This is underscored by Roberts’ comments before the staged arrests. Nearly 40 years ago, in 1982, Richard Trumka (now president of the AFL-CIO) and Roberts took over the UMWA. In the name of bringing “stability” to the coalfields and making US-based coal operators more “competitive,” i.e., profitable, they sought to destroy the miners’ long traditions of class solidarity and militant defiance of the coal bosses and the government. This included the “selective strike” policy, which overturned the miners’ long-standing principle of striking all the mines—union and nonunion—until every operator signed a national contract.

Trumka and Roberts oversaw the betrayal of the 1985-86 AT Massey and the 1989-90 Pittston strikes. During this time, small, isolated groups of striking miners faced brutal violence from the coal operators, private security thugs and the government. Miners were framed up and imprisoned for decades. Others, including AT Massey miner John McCoy, were murdered on the picket lines. In the face of these attacks, Trumka and Roberts did nothing to oppose the corporate and state violence against the miners. On the contrary, they welcomed it to crush the resistance of the most militant section of the American working class.

Thirty years ago, Roberts ordered the Pittston miners to carry out civil disobedience stunts like sitting in the middle of mine entry roads until state troopers hauled them into jail. This was a deliberate attempt by the UMWA bureaucrats to undermine the class consciousness and militancy of miners and instill the debilitating methods of middle-class protest and futile appeals to the conscience of the ruling class.

The defeat of the AT Massey and Pittston strikes led to the virtual disappearance of industry-wide contracts, the hollowing out of the UMWA in former strongholds like eastern Kentucky and southern West Virginia, and a wave of bankruptcies used by companies to gut the jobs, wages, working conditions and pensions of tens of thousands of miners.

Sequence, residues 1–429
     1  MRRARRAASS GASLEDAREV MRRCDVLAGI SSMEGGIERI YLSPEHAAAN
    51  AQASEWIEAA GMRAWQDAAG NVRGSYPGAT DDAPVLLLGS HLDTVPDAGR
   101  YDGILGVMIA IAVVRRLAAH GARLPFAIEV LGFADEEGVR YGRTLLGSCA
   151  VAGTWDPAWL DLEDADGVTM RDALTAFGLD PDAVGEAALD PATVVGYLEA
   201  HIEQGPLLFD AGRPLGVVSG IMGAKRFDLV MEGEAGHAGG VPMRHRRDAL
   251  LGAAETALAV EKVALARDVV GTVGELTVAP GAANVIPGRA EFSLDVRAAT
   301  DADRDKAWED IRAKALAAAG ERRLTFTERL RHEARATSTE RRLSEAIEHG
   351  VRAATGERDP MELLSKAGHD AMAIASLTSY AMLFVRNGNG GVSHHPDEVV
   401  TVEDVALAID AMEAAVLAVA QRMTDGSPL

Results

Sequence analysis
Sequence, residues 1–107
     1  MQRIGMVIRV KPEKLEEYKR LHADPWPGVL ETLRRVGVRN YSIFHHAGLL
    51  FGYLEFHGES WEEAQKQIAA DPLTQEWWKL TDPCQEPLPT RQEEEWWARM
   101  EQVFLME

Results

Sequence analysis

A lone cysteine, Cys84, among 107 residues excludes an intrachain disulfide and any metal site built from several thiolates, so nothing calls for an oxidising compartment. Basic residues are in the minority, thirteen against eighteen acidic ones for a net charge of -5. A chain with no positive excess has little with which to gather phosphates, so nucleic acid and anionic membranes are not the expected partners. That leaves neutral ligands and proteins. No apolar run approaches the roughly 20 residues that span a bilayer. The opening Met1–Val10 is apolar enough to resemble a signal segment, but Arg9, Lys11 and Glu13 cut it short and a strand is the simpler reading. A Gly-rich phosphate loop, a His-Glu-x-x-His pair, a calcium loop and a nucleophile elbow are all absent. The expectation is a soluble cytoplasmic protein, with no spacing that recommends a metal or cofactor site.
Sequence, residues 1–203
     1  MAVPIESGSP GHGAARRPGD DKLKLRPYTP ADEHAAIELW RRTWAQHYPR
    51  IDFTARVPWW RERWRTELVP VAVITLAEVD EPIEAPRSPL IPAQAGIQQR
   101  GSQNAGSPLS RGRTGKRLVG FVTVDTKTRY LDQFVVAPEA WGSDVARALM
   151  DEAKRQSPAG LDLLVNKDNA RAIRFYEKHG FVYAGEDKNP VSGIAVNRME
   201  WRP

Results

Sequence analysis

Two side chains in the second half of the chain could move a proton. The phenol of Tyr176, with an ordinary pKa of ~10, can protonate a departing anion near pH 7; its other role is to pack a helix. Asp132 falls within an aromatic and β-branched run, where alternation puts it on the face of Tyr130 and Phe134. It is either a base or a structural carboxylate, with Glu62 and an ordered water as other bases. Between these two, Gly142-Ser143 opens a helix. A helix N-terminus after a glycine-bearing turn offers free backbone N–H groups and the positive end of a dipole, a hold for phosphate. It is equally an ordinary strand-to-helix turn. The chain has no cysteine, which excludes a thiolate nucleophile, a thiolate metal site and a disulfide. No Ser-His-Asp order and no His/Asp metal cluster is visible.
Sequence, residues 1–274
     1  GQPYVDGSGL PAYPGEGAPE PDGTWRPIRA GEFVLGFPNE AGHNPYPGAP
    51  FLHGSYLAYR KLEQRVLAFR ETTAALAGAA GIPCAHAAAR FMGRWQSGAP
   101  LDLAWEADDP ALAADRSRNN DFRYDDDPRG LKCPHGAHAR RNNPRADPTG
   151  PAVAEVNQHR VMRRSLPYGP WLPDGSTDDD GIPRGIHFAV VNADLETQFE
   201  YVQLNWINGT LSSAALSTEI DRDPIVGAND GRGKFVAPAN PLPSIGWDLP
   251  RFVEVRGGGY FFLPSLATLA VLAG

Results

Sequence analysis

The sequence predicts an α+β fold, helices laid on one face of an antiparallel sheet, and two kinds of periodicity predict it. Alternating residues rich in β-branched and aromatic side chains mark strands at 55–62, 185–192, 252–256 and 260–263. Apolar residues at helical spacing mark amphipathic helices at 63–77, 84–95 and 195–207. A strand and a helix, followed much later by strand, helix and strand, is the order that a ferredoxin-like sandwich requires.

After overseeing the loss of three-quarters of the members of the UMWA, Trumka was awarded the top position in the AFL-CIO and Roberts the president-for-life position in the UMWA.

Since the rebellion by the Warrior Met coal miners and their overwhelming rejection of Roberts’ sellout deal, the UMWA has followed a well-worn path. It has isolated the miners, put them on starvation-level strike benefits, sought to demoralize them with impotent protest stunts, and carried out thuggish threats against the WSWS aimed at intimidating miners and silencing their opposition. All the while, it is no doubt keeping back channels open with Warrior Met over when it is best to try to ram through another pro-company deal.

For hobnobbing with corporate bosses and politicians in Washington D.C., Roberts is paid an annual salary of $210,000. That is $4,038 a week, compared to the $325 a week in strike benefits for the miners who are forced to go to food pantries to survive.

The Warrior Met Coal strike is at a crucial turning point. Everything depends on the independent initiative of rank-and-file workers themselves.

It is time for the most militant and class-conscious miners to form their own rank-and-file committee to outline the miners’ demands, including the restoration of all pay cuts, fully paid health and pension benefits, and the elimination of the punitive attendance system.

This committee, democratically controlled by workers themselves, must repudiate the UMWA’s program of class collaboration and revive the powerful class-struggle traditions of the miners and the whole working class. The miners cannot win this strike unless the UMWA's deliberate isolation of the strike is ended. Their struggle must be supported by spreading the walkout throughout the coalfields and to steelworkers, Volvo and other autoworkers, educators, Amazon workers and other sections of workers throughout the United States and internationally.